From curiosity to understanding researchers unveil surprising ways infants learn how to anticipate and respond to the movements of others.
The study of movement, how we learn as humans to acclimate to our environment, affects everything about us. How do babies learn? How early are babies aware of patterns and experiences in their lives? What are the best stimuli for infants?
These and many other questions are addressed in this segment on movement. Using the “blank slate” understanding of years past no longer applies. Research in many countries establishes babies are magnificent observers and are aware from birth! It is only their inability to speak and their physical development that has masks this.
Audrey Van Der Meer. Professor Neuropsychology, Norwegian University of Science & Technology Trodenheim, Norway
Ven Der Meer wanted to research the intent of baby movement. Question: At what age do infants began intentionally moving?
Her research began with Neonate Subjects: Babies under 24 days of age. She and her team ran thorough studies filming babies watching their hands. They used weights and pulleys to create tension in movement, proving intent. When a baby pulled against the weights to look at his hand this was seen as intention. The non-viewed hand lay dormant during the experiments. This was proven through further experimentation. Van Der Meer submitted the findings of each of her three different studies before the governing board in Norweigh approved and funded her results/research.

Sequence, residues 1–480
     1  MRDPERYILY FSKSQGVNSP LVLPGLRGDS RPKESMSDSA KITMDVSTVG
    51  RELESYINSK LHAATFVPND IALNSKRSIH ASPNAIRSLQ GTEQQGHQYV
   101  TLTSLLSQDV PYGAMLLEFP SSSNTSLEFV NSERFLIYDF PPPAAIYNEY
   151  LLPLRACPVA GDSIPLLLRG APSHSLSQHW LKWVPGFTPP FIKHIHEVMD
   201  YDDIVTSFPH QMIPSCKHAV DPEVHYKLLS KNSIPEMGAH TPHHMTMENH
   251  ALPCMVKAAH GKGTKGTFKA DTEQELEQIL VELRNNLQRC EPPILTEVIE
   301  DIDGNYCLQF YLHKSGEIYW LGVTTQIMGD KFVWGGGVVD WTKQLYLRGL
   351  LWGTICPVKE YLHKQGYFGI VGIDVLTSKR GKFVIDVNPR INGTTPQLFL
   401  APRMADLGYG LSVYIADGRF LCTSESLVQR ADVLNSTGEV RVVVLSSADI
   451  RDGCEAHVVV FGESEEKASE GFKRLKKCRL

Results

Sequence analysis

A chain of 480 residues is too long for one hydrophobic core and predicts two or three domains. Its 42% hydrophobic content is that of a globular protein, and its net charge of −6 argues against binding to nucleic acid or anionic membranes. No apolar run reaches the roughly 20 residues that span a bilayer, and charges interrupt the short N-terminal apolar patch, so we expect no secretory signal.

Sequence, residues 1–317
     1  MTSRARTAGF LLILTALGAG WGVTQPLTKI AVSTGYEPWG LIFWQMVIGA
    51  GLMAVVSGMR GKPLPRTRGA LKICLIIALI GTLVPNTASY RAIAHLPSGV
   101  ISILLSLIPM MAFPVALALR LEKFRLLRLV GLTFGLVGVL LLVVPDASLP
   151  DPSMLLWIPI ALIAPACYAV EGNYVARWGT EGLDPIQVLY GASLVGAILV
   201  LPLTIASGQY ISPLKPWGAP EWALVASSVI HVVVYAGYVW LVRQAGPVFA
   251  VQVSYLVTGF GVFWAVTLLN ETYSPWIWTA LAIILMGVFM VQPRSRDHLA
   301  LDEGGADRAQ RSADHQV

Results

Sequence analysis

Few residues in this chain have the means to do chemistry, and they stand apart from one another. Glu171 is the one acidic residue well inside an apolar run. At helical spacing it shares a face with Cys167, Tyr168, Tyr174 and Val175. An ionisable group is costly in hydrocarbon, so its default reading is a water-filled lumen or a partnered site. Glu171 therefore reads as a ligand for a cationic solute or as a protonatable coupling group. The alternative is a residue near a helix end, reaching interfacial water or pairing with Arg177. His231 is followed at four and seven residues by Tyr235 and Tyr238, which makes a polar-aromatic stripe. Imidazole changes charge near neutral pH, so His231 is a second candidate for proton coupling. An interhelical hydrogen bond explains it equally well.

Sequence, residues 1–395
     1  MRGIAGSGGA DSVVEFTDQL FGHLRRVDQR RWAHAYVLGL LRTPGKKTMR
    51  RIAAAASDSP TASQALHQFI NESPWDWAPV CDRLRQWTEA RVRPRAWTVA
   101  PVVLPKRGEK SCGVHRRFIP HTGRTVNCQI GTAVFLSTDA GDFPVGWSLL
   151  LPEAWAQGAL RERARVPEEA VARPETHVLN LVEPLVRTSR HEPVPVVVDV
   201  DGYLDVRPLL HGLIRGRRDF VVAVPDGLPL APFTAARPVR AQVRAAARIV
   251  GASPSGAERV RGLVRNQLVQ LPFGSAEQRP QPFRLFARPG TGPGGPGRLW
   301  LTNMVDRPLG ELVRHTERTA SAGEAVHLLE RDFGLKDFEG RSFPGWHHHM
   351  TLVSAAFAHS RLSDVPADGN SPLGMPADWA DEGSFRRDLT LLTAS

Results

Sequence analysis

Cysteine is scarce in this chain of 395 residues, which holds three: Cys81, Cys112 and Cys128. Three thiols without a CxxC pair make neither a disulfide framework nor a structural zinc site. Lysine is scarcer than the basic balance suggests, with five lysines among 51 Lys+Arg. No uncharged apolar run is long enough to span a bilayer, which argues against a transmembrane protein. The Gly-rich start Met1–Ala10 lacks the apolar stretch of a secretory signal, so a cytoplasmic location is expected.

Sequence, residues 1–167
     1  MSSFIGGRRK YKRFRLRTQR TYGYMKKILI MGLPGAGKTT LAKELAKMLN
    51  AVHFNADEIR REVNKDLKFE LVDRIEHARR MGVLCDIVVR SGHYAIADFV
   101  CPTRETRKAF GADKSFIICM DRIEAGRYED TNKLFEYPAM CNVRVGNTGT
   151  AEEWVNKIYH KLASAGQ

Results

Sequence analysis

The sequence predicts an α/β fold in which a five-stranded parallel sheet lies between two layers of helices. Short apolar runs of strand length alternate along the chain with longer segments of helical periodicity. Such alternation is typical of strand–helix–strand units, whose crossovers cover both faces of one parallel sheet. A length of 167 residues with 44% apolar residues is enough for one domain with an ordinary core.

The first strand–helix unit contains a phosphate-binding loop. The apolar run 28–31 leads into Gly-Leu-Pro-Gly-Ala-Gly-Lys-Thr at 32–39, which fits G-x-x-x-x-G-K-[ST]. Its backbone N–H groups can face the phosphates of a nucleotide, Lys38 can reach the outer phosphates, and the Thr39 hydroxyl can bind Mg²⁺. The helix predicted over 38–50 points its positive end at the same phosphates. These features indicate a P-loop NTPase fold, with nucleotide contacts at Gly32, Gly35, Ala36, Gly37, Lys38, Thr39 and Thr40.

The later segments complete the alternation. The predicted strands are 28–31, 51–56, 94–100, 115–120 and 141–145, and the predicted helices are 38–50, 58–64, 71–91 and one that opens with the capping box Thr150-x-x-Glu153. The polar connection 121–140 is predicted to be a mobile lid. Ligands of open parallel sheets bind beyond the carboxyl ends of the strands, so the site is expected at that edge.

Pierre-Yvves Oudeyer. Research Director, Inria Institute for Digital Sciences, Bordeaux, France.
What challenges babies/children to learn new things of their environment? Oudeyer developed mini robots having intelligence/learning mechanisms.
First group of two robots: learning to move a ball. Learned nothing. Second group: Free to exercise their curiosity Learned to move ball. After two and a half hours the second group had accomplished the goal.
Curiosity is open ended, it allows more knowledge and learning even in robots! Exploring freely is best
Gustaf Gredebac. Professor Developmental Psychology Upsalla, University Sweden We need to understand the movement of others to know where to walk, run, sit, stand.
Premise: “Babies are not born with the ability to anticipate, they have to learn this.” Disproved this in his ball to bucket experiment
12 month olds understand this. 6 months olds do not
Banana feeding experiment. 4 month olds, 6 month olds, 12 month old. Machines measure eye tracking in great detail. All babies were very attentive to the researchers feeding each other. Bananas. Babies with much experience in being fed understood
Participants would put bananas into the mouth of the other, or on the hand of the other, than the other ate it off the hand. Older children had pronounced reaction to the change and unexpected nature of the event when food went to the hand. Younger children did not.
The equipment also measured dealation of pupil
Later Gredeac understood that with each unique feeding all ages of babies reacted to the change in feeding behavior with surprise, even though the younger babies did not have a visible reaction. They all knew something was different
“Being around these little people learning about life, the world, people is inspiring.”
Providing an experientially rich environment for your baby; toys to touch, things to see, music to hear, tummy-time with places to move, other people, expands their horizons.